By Scott Galupo, Thomas Jefferson Street blog
Republicans think—cautiously anticipate—that this year's midterm elections will resemble 1994, in kind if not degree.
The more interesting question, to my lights, is whether next year will resemble 1995, when Bill Clinton called the electorate's bluff and more or less saved his presidency. Minus 9/11, Republicans may have met 2006 several years earlier.
This was in the back of my mind as I read Erick Erickson's post at RedState.com touting Sean Hannity's new book Conservative Victory.
I have not read, and don't plan to read, the book. I'd frankly rather watch Access Hollywood with my eyes pried open, Clockwork Orange-style.
But I care about what it says (or at least what Erickson says it says), for this reason: It gives a glimpse of what follows Republican electoral victories.
Sean actually has done a very good job and is willing, despite what his critics often say, of addressing the very real problems within the GOP and clearly differentiating conservatives from the Republican Party.
There is a whole chapter titled "How the Republicans Lost Their Way." In it, Sean does blame a lot of it on the failures of the Bushies and GOP to defend themselves against left-wing attacks. ...
But Sean goes beyond that. ... "At the behest of President George W. Bush, the Republican Party also lost its way with the sweeping education reform bill Bush proudly called 'No Child Left Behind.' The bill was President Bush's baby, but in spirit and in reality it was contrary to a fundamental conservative belief—that top-down federal control is to be avoided and that throwing money at problems does not solve them." And this came after an indictment of the prescription drug benefit.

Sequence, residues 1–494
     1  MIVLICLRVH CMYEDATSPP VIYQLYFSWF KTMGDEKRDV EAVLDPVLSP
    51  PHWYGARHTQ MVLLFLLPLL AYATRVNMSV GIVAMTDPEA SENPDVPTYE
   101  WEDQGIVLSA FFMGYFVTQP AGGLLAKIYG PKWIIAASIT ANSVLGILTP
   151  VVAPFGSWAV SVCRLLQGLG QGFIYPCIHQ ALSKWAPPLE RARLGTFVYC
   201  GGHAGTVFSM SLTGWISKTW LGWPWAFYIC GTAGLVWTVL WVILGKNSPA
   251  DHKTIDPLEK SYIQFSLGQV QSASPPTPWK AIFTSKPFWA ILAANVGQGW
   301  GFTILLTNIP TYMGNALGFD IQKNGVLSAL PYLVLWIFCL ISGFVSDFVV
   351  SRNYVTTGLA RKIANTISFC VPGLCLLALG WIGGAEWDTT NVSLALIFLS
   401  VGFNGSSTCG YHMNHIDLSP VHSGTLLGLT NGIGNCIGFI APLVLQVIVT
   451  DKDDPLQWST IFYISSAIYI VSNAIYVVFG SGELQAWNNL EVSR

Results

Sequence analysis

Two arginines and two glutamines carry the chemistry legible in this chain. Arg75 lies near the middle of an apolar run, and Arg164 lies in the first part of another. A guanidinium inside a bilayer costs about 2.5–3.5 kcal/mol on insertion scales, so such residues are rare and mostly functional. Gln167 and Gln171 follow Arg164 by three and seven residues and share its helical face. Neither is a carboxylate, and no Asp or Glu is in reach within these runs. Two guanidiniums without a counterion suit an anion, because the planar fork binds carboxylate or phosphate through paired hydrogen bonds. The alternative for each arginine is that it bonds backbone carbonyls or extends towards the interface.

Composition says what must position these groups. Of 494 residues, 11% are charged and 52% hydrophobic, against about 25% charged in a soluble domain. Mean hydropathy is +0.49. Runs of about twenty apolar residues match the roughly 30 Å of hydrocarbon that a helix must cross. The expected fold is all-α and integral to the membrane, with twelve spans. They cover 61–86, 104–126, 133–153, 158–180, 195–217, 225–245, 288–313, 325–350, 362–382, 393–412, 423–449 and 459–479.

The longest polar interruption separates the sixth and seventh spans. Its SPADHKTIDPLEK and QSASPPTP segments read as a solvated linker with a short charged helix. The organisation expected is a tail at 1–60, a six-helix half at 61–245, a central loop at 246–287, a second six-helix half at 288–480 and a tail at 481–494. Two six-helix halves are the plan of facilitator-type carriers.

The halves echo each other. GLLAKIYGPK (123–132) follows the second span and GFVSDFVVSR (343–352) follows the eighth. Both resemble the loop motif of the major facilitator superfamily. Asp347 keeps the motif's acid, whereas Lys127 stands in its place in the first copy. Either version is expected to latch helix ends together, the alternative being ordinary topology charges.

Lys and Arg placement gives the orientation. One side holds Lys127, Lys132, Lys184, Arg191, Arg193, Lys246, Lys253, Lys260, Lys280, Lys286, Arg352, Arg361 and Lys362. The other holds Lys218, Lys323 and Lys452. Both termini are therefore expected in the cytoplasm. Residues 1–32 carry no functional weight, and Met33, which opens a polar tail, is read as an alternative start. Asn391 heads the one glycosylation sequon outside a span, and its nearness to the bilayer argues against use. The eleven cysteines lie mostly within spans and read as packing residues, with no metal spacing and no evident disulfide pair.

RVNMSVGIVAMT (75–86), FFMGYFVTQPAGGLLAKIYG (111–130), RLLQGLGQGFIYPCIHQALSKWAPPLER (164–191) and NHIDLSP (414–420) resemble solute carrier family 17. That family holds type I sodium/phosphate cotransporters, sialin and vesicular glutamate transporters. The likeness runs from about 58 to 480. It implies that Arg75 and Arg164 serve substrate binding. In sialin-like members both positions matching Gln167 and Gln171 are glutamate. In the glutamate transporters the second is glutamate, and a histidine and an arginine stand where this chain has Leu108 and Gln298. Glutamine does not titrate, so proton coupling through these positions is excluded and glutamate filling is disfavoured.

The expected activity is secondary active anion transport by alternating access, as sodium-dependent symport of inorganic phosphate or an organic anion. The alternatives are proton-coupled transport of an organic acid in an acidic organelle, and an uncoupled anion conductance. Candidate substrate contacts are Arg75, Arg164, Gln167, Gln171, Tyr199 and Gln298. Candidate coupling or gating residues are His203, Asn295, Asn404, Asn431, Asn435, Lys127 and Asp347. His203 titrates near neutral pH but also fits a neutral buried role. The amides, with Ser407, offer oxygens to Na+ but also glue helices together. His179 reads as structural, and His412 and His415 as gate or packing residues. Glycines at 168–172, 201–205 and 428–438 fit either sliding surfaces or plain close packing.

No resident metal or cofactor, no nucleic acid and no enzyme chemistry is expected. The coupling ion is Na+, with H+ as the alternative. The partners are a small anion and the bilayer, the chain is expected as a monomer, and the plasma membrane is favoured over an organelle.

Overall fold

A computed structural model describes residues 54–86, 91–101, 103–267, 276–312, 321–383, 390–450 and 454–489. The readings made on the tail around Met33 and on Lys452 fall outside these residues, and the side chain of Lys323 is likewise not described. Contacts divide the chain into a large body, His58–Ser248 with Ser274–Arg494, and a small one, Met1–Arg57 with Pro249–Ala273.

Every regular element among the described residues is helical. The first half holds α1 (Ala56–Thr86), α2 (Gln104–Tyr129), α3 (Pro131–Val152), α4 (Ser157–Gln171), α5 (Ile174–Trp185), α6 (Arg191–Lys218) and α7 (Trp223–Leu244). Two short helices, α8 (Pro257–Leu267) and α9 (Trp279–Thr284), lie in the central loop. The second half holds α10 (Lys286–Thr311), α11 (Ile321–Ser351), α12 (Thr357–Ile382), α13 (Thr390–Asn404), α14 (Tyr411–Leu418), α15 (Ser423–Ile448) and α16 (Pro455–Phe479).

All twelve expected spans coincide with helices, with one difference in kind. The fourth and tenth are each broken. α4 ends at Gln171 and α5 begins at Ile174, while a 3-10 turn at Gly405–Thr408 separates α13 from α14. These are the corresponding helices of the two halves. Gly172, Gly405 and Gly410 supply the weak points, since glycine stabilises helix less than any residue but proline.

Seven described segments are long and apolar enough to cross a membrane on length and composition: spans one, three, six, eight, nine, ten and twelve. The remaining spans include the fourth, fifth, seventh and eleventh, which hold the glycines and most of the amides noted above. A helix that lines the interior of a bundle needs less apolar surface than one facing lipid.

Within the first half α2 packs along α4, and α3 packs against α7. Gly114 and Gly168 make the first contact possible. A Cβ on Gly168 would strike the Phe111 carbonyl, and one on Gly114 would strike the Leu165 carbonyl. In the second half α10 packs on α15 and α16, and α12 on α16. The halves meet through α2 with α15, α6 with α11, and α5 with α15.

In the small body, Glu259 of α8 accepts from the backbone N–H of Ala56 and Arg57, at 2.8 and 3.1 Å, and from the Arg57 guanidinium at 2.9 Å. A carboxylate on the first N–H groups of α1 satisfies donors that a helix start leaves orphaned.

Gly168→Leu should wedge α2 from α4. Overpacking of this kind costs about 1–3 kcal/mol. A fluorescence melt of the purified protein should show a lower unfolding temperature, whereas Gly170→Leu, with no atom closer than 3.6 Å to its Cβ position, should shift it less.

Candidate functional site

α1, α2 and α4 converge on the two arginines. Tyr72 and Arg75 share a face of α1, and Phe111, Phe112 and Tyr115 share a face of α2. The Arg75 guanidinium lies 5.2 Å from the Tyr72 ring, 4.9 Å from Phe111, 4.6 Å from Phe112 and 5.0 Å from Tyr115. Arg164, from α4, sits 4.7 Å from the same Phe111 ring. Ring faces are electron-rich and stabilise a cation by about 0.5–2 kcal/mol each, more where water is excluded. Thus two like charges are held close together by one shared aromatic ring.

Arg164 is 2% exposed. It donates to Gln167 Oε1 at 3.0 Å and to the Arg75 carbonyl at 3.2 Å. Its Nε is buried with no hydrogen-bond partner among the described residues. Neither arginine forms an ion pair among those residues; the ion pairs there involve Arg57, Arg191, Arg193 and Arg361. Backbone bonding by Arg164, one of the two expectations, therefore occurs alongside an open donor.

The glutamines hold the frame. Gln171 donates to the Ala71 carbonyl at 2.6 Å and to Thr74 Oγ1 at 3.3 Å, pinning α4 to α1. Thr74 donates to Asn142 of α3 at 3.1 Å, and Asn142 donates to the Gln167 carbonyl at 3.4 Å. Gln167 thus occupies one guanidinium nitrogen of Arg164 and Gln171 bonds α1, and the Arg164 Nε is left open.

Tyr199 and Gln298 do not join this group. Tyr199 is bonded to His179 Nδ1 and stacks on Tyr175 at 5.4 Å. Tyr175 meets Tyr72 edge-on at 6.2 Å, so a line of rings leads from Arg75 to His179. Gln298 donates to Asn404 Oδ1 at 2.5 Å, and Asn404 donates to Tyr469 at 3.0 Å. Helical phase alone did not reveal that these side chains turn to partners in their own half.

Full disclosure: I worked at the House Education & Workforce Committee in 2001 when the NCLB law was debated and enacted into law. My goal here isn't to defend it from the likes of Hannity and Erickson but, rather, to alert my fellow Republicans of what might happen when the shouting over Obamacare dies.
Times may be bullish now for the party that stands against "socialism" and "government takeovers."
But when electoral push comes to legislative shove, that anger will dissipate. (Jon Chait flags polling data bearing this theory out here.)
I wish we lived in a country that would actually consent to be governed under Paul Ryan's Roadmap. We don't. I wish the kind of silent majority of rugged individualists that Glenn Beck believes is waiting to take back its country was real. It's not.
The majority of the public that now appears to despise Obamacare could very quickly be stirred into an altogether mood—one that's rather favorably disposed toward the government that pays for their prescription drugs and runs the GPS network that feeds our fancy smartphones.
In short, 1994 becomes 1995.
By running as a "compassionate conservative" who would not "balance the budget on the backs of the poor," and by promising to add a prescription drug entitlement to Medicare, Bush—by the skin of the Supreme Court's teeth—won an unlikely victory in 2000.
In part because he made good on the Medicare promise, Bush won re-election in 2004.
The Hannity-Erickson-Beck-Palin-Breitbart industrial complex pretends otherwise.
Remember, Republicans: They feel good about you now. But when you face reality, they will throw you under the bus.
Their ratings and book sales won't suffer.
But your ability to govern under the yellow sun will.
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